A Tale of Two Bradley GTs

Growing up in Southern California in the 1980s, kit cars were a dime a dozen.  But now, thirty years later, they seem to be rarer than Lamborghinis.  In the last few months, I’ve had an accidental lesson in Bradleys, a new-to-me brand.

A few months ago, during a Nevada road trip, this silver tub was spotted in front of a VW enthusiast’s lair.  That this is a Beetle-based kit car is fairly apparent.  The lines are simple and are a bit reminiscent of the Opel GT (from the front).  The biggest letdown, alas, is the rear end.



After a few minutes on Google Images, it became clear that I had spotted a Bradley GT.  Around 6,000 of these were sold from the late ’60s to the beginning of the Carter administration.  As far as I can tell from my web-based research, you can have your GT with or without gullwing doors.  The most (in)famous owner of the Mark I Bradley GT?  Liberace. The story does not end there.  Last weekend, while tooling around Oakland, I came across what looked like a miniaturized Chrysler Cordoba (from the rear).  Thankfully, this car was wearing a name tag.  It’s the Bradley GT II and it’s in impeccable condition.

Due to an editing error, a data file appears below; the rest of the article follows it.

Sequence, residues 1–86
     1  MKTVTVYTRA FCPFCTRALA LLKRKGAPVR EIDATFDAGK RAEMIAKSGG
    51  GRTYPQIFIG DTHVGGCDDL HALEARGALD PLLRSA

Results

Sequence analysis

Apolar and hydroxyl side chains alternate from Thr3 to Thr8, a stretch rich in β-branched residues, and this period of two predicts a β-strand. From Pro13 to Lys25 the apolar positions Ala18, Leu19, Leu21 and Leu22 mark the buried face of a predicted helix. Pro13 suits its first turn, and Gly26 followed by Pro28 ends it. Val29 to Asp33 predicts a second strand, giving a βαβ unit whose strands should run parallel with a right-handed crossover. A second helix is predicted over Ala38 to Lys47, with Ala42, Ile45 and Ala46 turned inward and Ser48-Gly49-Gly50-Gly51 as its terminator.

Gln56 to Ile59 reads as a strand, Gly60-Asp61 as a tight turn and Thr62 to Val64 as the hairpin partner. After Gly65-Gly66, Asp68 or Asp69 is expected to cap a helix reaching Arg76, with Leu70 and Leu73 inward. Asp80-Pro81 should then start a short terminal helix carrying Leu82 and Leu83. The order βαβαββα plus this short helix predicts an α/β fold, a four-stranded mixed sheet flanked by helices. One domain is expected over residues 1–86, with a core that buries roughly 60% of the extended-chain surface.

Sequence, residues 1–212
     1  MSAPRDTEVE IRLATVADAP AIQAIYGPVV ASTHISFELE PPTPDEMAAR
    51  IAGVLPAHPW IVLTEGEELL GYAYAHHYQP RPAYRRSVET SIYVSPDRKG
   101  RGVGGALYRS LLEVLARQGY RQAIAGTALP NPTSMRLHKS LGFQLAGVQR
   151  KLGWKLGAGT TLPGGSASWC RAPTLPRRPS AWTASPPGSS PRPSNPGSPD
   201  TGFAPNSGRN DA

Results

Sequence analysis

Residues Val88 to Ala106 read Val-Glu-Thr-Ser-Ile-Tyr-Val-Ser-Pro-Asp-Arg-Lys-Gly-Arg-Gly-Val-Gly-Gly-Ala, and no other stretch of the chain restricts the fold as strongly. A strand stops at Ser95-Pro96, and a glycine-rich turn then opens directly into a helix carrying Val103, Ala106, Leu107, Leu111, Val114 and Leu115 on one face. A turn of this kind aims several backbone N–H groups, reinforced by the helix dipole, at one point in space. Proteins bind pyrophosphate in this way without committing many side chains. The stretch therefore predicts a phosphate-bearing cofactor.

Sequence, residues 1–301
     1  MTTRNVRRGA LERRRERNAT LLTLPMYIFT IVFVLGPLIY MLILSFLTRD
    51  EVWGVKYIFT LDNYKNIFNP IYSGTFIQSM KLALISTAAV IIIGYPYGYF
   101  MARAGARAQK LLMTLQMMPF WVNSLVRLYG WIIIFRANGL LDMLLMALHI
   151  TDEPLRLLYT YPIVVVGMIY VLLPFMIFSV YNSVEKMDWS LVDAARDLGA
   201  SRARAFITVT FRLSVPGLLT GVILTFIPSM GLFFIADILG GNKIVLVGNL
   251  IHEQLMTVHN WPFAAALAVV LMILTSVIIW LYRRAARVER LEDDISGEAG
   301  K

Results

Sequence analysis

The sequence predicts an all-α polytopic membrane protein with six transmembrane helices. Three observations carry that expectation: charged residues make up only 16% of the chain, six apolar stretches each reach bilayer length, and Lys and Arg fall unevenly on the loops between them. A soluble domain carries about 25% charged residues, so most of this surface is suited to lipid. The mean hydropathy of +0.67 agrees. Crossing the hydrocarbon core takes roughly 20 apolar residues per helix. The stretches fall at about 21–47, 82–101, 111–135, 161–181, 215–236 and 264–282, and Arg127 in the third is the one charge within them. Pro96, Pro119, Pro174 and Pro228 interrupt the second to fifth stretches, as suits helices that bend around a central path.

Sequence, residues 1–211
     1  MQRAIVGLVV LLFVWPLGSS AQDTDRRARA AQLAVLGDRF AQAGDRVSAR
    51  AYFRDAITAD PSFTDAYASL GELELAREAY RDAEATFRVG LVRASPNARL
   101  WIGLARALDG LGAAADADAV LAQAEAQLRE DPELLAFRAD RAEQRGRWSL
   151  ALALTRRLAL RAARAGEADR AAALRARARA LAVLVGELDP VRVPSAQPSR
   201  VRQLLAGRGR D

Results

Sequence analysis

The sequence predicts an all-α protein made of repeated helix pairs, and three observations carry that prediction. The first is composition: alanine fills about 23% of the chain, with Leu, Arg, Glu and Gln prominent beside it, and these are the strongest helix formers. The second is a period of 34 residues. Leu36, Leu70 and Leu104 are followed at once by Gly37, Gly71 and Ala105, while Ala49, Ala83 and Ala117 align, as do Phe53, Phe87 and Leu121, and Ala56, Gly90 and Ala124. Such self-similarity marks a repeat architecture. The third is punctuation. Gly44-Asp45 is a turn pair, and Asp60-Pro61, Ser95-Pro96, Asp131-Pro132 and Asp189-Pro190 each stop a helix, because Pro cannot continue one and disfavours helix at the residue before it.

Like a movie, the sequel is always worse than the original.  The second iteration may be flashier, but somehow it inevitably falls short.  It just looks too busy, especially the faux rear hatch.  The company also sold electric versions of the GT II, but quality control issues led to the Minnesota company’s demise in 1981.

Images source: Jim Yu

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